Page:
NASA’s DuAxel: Transforming Rover That Can Explore the Toughest Terrain

DuAxel Rover

The DuAxel rover is seen here participating in field tests in the Mojave Desert. The four-wheeled rover is composed of two Axel robots. One part anchors itself in place while the other uses a tether to explore otherwise inaccessible terrain. Credit: NASA/JPL-Caltech/J.D. Gammell

Made of a pair of two-wheeled vehicles, NASA’s DuAxel is designed to descend crater sides and near-vertical cliffs on the Moon, Mars, and beyond.

A rover trundles over rocky terrain, its four metal wheels clattering along until they encounter a seemingly insurmountable hazard: a steep slope. Down below is a potential trove of science targets. With a typical rover, the operators would need to find another target, but this is DuAxel, a robot built for situations exactly like this.

The rover is actually made of a pair of two-wheeled rovers, each called Axel. To divide and conquer, the rover stops, lowers its chassis, and anchors it to the ground before essentially splitting in two. With the rear half of DuAxel (short for “dual-Axel”) firmly in place, the forward half undocks and rolls away on a single axle. All that connects the two halves now is a tether that unspools as the lead axle approaches the hazard and rappels down the slope, using instruments stowed in its wheel hub to study a scientifically attractive location that would normally be out of reach.

A flexible rover that has both abilities to travel long distances and rappel down hard-to-reach areas of scientific interest has undergone a field test in the Mojave Desert in California to showcase its versatility. Composed of two Axel robots, DuAxel is designed to explore crater walls, pits, scarps, vents, and other extreme terrain on the moon, Mars, and beyond. Credit: NASA/JPL-Caltech

This scenario played out last fall during a field test in the Mojave Desert, when a small team of engineers from NASA’s Jet Propulsion Laboratory in Southern California put the modular rover through a series of challenges to test the versatility of its design.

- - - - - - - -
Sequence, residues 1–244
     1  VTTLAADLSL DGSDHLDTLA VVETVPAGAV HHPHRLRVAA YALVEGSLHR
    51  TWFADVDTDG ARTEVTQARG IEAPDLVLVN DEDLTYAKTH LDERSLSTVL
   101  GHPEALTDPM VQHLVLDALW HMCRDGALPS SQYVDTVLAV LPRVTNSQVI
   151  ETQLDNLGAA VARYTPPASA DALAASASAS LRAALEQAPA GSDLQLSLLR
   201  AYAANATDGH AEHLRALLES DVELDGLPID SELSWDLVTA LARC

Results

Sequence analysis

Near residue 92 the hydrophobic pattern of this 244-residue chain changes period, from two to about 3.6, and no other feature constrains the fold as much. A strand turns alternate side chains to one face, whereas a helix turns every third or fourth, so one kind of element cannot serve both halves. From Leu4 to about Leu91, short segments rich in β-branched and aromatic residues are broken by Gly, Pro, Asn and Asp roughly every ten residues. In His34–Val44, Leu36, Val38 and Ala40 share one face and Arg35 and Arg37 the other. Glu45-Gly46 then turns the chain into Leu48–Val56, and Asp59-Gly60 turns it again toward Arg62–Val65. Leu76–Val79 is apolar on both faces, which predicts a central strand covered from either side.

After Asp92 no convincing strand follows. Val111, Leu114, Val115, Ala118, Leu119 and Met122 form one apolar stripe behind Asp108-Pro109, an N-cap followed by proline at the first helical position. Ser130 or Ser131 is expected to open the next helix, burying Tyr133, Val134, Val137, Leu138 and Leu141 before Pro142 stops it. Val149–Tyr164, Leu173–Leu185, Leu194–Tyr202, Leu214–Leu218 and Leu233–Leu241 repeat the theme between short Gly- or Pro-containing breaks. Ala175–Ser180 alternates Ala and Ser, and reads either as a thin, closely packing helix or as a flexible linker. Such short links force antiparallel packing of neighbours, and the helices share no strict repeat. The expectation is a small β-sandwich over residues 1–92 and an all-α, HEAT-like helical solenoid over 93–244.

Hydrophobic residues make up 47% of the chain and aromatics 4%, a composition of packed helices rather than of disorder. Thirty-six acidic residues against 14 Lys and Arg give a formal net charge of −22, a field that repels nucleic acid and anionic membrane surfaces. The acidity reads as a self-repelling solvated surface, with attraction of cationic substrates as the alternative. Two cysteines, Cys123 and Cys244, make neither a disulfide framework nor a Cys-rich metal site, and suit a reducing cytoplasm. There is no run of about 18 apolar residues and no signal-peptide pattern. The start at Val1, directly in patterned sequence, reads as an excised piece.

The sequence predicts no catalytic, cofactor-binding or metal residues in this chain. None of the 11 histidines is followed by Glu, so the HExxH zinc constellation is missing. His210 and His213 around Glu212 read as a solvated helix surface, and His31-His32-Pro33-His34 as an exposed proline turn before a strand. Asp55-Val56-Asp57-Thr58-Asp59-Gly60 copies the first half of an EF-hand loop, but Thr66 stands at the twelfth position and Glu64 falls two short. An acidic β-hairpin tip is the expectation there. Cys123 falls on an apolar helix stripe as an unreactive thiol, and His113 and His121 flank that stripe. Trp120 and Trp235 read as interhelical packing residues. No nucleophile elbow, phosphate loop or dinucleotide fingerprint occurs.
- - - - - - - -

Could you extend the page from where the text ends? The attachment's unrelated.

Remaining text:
“DuAxel performed extremely well in the field, successfully demonstrating its ability to approach a challenging terrain, anchor, and then undock its tethered Axel rover,” said Issa Nesnas, a robotics technologist at JPL. “Axel then autonomously maneuvered down steep and rocky slopes, deploying its instruments without the necessity of a robotic arm.”

NASA DuAxel Rover

During the same field test, the DuAxel rover separates into two single-axled robots so that one can rappel down a slope too steep for conventional rovers. Credit: NASA/JPL-Caltech/J.D. Gammell

The idea behind creating two single-axle rovers that can combine into one with a central payload is to maximize versatility: The four-wheeled configuration lends itself to driving great distances across rugged landscapes; the two-wheeled version offers a nimbleness that larger rovers cannot.

“DuAxel opens up access to more extreme terrain on planetary bodies such as the Moon, Mars, Mercury, and possibly some icy worlds, like Jupiter’s moon Europa,” added Nesnas.

The flexibility was built with crater walls, pits, scarps, vents, and other extreme terrain on these diverse worlds in mind. That’s because on Earth, some of the best locations to study geology can be found in rocky outcrops and on cliff faces, where many layers of the past are neatly exposed. They’re hard enough to reach here, let alone on other celestial bodies.

The rover’s mobility and ability to access extreme locations is an enticing combination to Laura Kerber, a planetary geologist at JPL. “This is why I find the Axel rover to be quite delightful,” she said. “Instead of always trying to safeguard itself against dangers such as falling or flipping over, it is designed to withstand them.”


The two-wheeled Axel descends the slope while tethered to its counterpart anchored above the slope. The tether serves as a climbing rope of sorts while also providing power and a means of communication. Credit: NASA/JPL-Caltech/J.D. Gammell

A Two-Wheeled History

The radical concept of two robotic vehicles functioning as one has roots in the late 1990s, when NASA began exploring ideas for modular, reconfigurable, self-repairing rovers. This inspired Nesnas and his team at JPL to develop the robust, flexible two-wheeled robot that would come to be known as Axel.

They envisioned a modular system: Two Axels could dock to either side of a payload, for example, or three Axels could dock to two payloads, and so on, creating a “train” of Axels capable of transporting many payloads. This concept also fulfilled the “self-repairing” requirement of NASA’s challenge: Should one Axel fail, another could take its place.

Axel development remained focused on modular transportation until 2006, when satellite imaging of the Martian surface revealed gullies in crater walls. Later, the discovery of what appeared to be seasonal outflows of liquid water — dark features known as recurring slope lineae — heightened interest in using robots to take samples. Scientists wanted to know whether gullies and recurring slope lineae were caused by water flows or something else.